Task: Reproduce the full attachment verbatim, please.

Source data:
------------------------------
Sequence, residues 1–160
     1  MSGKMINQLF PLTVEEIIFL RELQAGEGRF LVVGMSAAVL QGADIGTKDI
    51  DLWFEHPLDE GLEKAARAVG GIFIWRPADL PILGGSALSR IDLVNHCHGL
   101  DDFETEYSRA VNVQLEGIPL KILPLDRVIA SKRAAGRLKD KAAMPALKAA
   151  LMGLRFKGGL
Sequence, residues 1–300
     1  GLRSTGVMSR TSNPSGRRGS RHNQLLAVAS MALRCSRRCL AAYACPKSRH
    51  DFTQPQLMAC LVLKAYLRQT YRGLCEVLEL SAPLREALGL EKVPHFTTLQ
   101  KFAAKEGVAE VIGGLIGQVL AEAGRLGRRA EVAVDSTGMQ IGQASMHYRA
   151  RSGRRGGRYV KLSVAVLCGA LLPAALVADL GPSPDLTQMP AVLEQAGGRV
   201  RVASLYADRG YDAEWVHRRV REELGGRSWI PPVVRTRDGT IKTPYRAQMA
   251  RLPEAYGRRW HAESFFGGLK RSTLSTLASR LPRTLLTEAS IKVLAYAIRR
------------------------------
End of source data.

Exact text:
Sequence, residues 1–160
     1  MSGKMINQLF PLTVEEIIFL RELQAGEGRF LVVGMSAAVL QGADIGTKDI
    51  DLWFEHPLDE GLEKAARAVG GIFIWRPADL PILGGSALSR IDLVNHCHGL
   101  DDFETEYSRA VNVQLEGIPL KILPLDRVIA SKRAAGRLKD KAAMPALKAA
   151  LMGLRFKGGL
Sequence, residues 1–300
     1  GLRSTGVMSR TSNPSGRRGS RHNQLLAVAS MALRCSRRCL AAYACPKSRH
    51  DFTQPQLMAC LVLKAYLRQT YRGLCEVLEL SAPLREALGL EKVPHFTTLQ
   101  KFAAKEGVAE VIGGLIGQVL AEAGRLGRRA EVAVDSTGMQ IGQASMHYRA
   151  RSGRRGGRYV KLSVAVLCGA LLPAALVADL GPSPDLTQMP AVLEQAGGRV
   201  RVASLYADRG YDAEWVHRRV REELGGRSWI PPVVRTRDGT IKTPYRAQMA
   251  RLPEAYGRRW HAESFFGGLK RSTLSTLASR LPRTLLTEAS IKVLAYAIRR